More Accurately Evaluating Life Choices

I’m not the only one unable to ignore a fluctuating though undeniably ever-present repulsive environmental tension. I wonder if man has always felt this way or if our modern sense of empowerment and ability curses us with an insatiable perfectionism. I expect I will always request improvement of myself and of my world, but the resulting perpetual state of unsatisfaction is not justification for sitting still and accepting a static fate. My life or my mood will be dynamic, one to the relief of the other. External or internal pressure will build and support the truth of that which is constant and inevitable: change. Stagnation will depress and newness will stimulate, and I can’t help but wonder if there is an inherent shortcoming in my evaluation of life choices.

Is it the goal that matters, the direction, the target, or is it the transition, the journey? Is it fair to consider the state or would I be doing my soul a service to consider the space between? We know life is about the journey, and many of us believe we embrace this, but many of us still identify the journey as a path to get to a particular somewhere. Perhaps we would better suit our dynamic nature and unsettling souls by recognizing ourselves as transient and our journies as significant and the supposed goals we pursue not as states but as events that will pass as mere moments in our life-long transition from dust through momentous life to dust.

A Brief History of Disease, Science and Medicine by Michael Kennedy

A Brief History of Disease, Science and Medicine:
From the ice age to the genome project
By Michael Kennedy MD FACS

“‘Those who compare the age in which their lot has fallen with a golden age which exists only in imagination, may talk of degeneracy and decay; but no man who is correctly informed as to the past will be disposed to take a morose or desponding view of the present.’ (Macaulay, History of England, v. 1, ch. 1, 1848.)”

“The invention of agriculture marks the transition to the Neolithic, or ‘new stone age,’ period. With it came the development of larger social groups and the advent of infectious disease.”

“Prior to agriculture, with few carbohydrates in the diet, the incidence of caries (cavities) was about one percent in skeletal remains (and none are found in the Iceman). In the Neolithic period, with a diet including cereals and other carbohydrates, this incidence rose about five fold, still far below the incidence after the introduction of sucrose in the seventeenth century.”

“Ancient cities were so unhealthy that, until the nineteenth century, the mortality rate of the city-dwellers exceeded their birth rate and the population was only maintained by an influx of rural immigrants. Rome was an exception because of the high quality of sanitary facilities but other factors intervened…”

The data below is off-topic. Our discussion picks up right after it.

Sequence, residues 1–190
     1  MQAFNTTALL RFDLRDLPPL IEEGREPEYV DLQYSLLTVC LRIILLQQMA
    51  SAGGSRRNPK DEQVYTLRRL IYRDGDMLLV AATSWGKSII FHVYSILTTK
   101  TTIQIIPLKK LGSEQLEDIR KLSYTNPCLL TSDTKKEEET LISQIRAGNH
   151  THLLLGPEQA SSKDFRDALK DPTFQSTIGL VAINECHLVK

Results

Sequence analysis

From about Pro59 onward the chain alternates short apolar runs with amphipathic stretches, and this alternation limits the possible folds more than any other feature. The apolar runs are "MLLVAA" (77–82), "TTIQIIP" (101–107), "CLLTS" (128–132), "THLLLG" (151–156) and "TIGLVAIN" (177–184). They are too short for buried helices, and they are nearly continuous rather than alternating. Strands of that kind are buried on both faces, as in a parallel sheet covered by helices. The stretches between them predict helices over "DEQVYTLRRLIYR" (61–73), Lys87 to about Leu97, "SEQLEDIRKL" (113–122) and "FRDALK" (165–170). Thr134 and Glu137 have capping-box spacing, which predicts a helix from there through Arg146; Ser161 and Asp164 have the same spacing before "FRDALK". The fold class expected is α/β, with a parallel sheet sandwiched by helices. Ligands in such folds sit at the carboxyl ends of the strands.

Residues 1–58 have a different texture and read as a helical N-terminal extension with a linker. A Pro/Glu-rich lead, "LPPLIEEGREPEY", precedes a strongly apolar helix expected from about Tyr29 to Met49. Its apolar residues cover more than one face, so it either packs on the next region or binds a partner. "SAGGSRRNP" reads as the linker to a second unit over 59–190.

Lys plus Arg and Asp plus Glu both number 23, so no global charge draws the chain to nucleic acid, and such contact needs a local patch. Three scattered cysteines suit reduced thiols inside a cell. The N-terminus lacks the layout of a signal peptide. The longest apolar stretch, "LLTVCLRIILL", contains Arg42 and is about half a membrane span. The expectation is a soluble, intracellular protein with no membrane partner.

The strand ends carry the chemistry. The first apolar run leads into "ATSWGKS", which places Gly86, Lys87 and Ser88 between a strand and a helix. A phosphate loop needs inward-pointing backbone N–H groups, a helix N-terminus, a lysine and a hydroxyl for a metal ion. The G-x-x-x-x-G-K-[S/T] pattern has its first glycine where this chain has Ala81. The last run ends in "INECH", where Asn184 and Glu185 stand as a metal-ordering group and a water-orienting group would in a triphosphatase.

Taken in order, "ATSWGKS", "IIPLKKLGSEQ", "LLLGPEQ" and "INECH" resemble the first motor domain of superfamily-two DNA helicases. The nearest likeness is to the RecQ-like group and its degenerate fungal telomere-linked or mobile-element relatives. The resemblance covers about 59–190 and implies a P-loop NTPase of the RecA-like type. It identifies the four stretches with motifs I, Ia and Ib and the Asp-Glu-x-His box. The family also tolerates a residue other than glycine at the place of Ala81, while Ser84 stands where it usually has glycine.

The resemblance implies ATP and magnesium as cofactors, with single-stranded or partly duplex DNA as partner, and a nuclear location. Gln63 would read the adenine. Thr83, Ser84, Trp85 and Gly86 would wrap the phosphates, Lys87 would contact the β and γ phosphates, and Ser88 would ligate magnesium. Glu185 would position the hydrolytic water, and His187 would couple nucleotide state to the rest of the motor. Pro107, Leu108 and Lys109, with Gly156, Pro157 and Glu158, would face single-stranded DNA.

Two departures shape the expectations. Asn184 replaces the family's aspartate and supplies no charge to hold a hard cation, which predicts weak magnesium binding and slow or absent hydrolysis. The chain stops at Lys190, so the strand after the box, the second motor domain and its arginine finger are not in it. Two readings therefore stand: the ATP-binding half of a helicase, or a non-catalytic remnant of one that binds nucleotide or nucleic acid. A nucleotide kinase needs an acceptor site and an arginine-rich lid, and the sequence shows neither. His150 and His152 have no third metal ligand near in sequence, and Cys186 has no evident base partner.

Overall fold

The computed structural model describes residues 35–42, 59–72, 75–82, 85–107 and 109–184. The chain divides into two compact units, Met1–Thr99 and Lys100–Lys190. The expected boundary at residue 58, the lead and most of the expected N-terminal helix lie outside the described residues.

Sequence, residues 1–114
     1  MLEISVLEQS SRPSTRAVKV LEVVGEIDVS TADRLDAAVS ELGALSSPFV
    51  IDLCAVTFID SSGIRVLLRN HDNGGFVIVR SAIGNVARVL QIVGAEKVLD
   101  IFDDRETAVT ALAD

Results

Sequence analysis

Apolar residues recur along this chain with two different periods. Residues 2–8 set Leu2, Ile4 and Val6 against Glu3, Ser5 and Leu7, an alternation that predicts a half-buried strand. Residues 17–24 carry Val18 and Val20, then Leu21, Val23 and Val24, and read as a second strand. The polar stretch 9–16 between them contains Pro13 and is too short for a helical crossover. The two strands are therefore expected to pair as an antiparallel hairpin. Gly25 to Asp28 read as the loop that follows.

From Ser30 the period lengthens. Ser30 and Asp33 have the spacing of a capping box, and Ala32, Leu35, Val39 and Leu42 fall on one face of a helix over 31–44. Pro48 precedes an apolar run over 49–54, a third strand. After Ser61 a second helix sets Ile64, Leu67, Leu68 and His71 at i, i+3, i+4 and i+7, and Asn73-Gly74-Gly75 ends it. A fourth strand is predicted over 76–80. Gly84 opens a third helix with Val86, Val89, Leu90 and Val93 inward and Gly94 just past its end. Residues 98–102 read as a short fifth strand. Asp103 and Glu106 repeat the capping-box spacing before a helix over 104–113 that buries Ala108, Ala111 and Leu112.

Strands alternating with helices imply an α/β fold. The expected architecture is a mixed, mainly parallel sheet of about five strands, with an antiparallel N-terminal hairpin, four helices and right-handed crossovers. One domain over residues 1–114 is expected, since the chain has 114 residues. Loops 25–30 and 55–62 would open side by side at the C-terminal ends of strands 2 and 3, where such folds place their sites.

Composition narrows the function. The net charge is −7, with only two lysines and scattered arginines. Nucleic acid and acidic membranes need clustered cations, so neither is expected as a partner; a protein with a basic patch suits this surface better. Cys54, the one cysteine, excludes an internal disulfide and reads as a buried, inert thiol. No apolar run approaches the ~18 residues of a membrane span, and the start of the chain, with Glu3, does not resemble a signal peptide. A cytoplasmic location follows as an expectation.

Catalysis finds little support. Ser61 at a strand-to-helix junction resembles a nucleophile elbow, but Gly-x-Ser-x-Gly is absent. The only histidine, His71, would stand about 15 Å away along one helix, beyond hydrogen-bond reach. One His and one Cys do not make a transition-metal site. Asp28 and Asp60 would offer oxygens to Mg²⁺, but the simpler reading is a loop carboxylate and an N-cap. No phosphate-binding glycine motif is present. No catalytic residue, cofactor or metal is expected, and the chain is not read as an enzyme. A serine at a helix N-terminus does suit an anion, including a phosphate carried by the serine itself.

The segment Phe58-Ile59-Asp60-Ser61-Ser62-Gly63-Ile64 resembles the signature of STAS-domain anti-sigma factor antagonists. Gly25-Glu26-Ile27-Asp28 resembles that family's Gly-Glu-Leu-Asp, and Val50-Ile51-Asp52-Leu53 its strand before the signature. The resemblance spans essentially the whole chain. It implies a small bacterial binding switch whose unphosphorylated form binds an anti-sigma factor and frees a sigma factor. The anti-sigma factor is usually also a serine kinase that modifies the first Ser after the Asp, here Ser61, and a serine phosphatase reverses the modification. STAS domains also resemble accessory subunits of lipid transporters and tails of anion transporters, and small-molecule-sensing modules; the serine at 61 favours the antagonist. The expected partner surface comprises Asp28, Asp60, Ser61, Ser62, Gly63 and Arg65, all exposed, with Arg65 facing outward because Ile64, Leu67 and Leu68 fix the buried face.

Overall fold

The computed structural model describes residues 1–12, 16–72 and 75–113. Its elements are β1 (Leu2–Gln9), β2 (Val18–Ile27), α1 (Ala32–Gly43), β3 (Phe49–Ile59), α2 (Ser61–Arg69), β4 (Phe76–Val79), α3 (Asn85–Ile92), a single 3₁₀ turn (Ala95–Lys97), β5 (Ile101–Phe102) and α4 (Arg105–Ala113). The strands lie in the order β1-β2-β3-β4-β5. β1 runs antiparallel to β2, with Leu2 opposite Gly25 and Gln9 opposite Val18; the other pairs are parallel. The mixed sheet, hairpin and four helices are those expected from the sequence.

“Imhotep, an Egyptian physician in the archaic period and vizier to Pharaoh Zozer about 2600BCE, became a revered and, finally, god-like figure in later dynasties, establishing a following somewhat like that of Asclepius in Greek medicine. By the sixth century BCE he had replaced Thoth as god of healing.”

(to be continued…)

How To Eat Food

Thought eating was as simple as putting food in your mouth? Well, maybe it is. Chew on this!

These simple rules will help you adopt a bio-consumption-healthy lifestyle. Don’t try to make lifestyle changes in leaps and bounds. Can you say relapse? Start at the top and work your way down. Bon apetite! Continue reading How To Eat Food

My Workout Adjustments

More Rest Days
As follows every 1-2 week near-full vacation from working out, I feel better, healthier and stronger, and look better than ever while I torture myself. I am going to attempt to keep myself away from the gym and out of my running shoes for 2-3 days per week.

More Warm Up and Stretching Time
Before runs and most workouts I will take a hot shower, a warm up walk and jog, and do light dynamic stretching. I will do dynamic and static stretching after my workouts as usual.

More Variety and Better Balance
I will not focus only on running; I will add biking. Lower body workouts will alternate focus and will occasionally be in the gym including dead lifts, squats, lunges, and step ups. I am also reducing my push up efforts to within range of my pulling efforts: pull ups, chin ups, and body rows. My upper body workouts will continue to be body weight focused including push ups, dips, pull ups, chin ups, body rows, and sit ups and will occasionally be free weights and cables instead.

Tempt Some Pains
I will continue to stay fully aware of my body signals and address warning signs appropriately, but I will push further into the types of pain that have demonstrated no correlation to injury.

Less Barefoot Running
As a matter of convenience and in the interest of experimentation, running will be performed primarily with shoes. I will continue to warm down, walk and hike barefoot on occasion.

All of these changes will increase health benefits and reduce proneness to injury.